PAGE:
Talking with Children about Traumatic Events

Talking with children about traumatic events can be challenging.  Whether it’s addressing concerns about images of war, natural disasters, or community violence, it can be difficult to know where to start. In an early learning environment, children’s access to graphic news reports should be quite limited, but it is hard to tell just how much children are absorbing from listening to adults or seeing images in the media.

Experts suggest that adults pay close attention to children in the aftermath of traumatic events, regardless of how little the event seems to directly impact them. In other words, adults should not assume that children are okay just because the traumatic event occurred in another state or country.

When children see traumatic images in the media, they may not understand that the event occurred hundreds or thousands of miles away.  They see people crying, damage to buildings, and emergency responders, which can result in feelings of fear and anxiety. If they do understand that the event happened in a different part of the country or world, they may still be worried that a similar event could happen to them or their community.

It may seem appropriate to simply reassure children that the scary images they are seeing happened somewhere else and that they have nothing to worry about, but experts encourage adults to take additional steps to help children process their feelings.

Reassuring the child that they are safe is definitely important – and for some children, it is all they need to hear.  Other children may have deeper concerns, misunderstandings, or questions about the traumatic event.  Signs that a child may be experiencing fear or anxiety about traumatic events include:

  • Trouble sleeping or nightmares
  • Appetite changes
  • Behavior changes
  • Reenacting the event repeatedly
  • Irritability or anger
  • Regression of skills such as thumb-sucking, bedwetting, or soiling their clothing
  • Withdrawal from others

Teachers should watch for these signs and listen closely to conversations children are having. It may not be necessary to have a whole-group discussion about the event.  Instead, focus on individual children and their unique concerns.

When working with individual children, ask open-ended questions to determine what the child understands about the event.  Acknowledge the child’s questions or concerns by demonstrating empathy – even if their concerns are not warranted.  For example:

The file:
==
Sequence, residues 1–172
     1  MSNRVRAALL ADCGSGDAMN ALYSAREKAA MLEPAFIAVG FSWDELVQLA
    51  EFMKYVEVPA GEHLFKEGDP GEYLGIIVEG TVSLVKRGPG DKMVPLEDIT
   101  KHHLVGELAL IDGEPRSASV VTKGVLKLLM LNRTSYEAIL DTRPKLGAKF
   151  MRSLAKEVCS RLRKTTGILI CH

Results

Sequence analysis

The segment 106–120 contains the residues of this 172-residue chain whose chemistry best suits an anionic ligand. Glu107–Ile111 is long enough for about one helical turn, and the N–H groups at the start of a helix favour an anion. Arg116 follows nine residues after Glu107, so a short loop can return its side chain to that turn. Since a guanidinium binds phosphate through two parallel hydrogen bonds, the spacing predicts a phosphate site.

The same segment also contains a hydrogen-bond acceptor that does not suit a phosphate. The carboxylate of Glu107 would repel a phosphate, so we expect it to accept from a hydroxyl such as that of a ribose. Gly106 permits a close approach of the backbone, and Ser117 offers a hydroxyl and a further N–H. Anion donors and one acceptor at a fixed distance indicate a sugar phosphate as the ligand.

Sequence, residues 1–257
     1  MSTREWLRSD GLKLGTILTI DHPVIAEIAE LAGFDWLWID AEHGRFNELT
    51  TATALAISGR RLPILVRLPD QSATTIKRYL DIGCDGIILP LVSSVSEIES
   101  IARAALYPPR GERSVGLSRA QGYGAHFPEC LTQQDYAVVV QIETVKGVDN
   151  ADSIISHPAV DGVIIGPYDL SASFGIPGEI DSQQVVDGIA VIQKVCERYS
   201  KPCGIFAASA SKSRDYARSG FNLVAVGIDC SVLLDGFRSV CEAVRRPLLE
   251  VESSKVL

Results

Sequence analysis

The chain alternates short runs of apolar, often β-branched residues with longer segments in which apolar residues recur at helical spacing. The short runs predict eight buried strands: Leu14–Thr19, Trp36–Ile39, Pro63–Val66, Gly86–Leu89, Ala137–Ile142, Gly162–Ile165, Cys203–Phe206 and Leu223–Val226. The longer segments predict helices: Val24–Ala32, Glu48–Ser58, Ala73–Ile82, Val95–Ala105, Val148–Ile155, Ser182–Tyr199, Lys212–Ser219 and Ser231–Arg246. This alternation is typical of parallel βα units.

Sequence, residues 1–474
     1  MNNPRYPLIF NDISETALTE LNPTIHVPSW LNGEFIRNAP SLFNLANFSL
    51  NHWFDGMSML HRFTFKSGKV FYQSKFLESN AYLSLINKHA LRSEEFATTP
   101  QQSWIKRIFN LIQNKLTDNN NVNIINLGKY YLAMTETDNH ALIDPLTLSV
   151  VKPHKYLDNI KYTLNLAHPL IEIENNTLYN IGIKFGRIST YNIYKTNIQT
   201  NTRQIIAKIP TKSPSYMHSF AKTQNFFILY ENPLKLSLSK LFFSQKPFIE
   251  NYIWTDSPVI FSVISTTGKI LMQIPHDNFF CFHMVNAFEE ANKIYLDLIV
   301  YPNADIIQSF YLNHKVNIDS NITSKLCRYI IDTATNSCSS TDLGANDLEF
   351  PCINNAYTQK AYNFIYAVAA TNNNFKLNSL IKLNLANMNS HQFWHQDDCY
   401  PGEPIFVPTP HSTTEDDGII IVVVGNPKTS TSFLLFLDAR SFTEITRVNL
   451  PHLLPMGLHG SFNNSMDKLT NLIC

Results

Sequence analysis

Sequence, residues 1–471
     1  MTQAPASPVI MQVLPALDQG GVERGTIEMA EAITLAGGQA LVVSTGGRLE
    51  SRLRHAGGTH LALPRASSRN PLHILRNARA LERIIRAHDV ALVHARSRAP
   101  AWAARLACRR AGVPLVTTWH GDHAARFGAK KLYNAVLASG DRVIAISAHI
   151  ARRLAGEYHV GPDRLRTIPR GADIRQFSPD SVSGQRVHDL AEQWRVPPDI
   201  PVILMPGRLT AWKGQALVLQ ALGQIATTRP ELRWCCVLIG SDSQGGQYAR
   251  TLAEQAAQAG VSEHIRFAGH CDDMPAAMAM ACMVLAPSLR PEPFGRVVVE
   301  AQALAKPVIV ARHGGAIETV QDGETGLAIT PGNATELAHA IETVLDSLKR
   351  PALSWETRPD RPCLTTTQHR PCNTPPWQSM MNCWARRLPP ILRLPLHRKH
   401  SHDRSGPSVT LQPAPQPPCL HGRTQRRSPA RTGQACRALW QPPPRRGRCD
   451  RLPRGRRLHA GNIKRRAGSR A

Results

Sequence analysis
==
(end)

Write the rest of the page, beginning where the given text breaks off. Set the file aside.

• I get it – seeing images on television makes me feel upset, too.
  • Sometimes watching the news can feel scary, and that is normal. Here’s what’s important to understand about the event…
  • I understand that you feel worried about the images you saw.

Share the reality of the situation with the child using language that matches their level of understanding.  Help them see the measures that are in place to help keep them safe. You don’t have to share more information than necessary to help reassure the child they are safe. Here are some examples:

  • You are right, that person hurt other people, but it is over and they stopped the person from hurting anyone else.
  • I know tornados are scary because they happen without much warning. That is why we practice our tornado drills often so that we know what to do when we hear the alarm.
  • Right now, that war is happening here on the globe. Can you see how far away that is from where we live?  Yes, it’s very far away and you and your family are safe here.

As a way to build children’s resilience, you can offer some of the following opportunities:

  • Teach self-calming strategies, such as deep breathing or guided visualizations.
  • Encourage children to draw pictures or write stories about their feelings.
  • Reassure children that they can talk to you anytime they need to.
  • Maintain a consistent routine that children can depend on.
  • Read books that help children build emotional literacy.
  • Look for ways to help by donating clothes, food, or funds to verified charities.

Below you will find a number of resources that provide more details about talking to children about traumatic events. Be sure to share with families.

Consider taking a few of these CCEI courses to help you develop your confidence in working with children who have experienced trauma: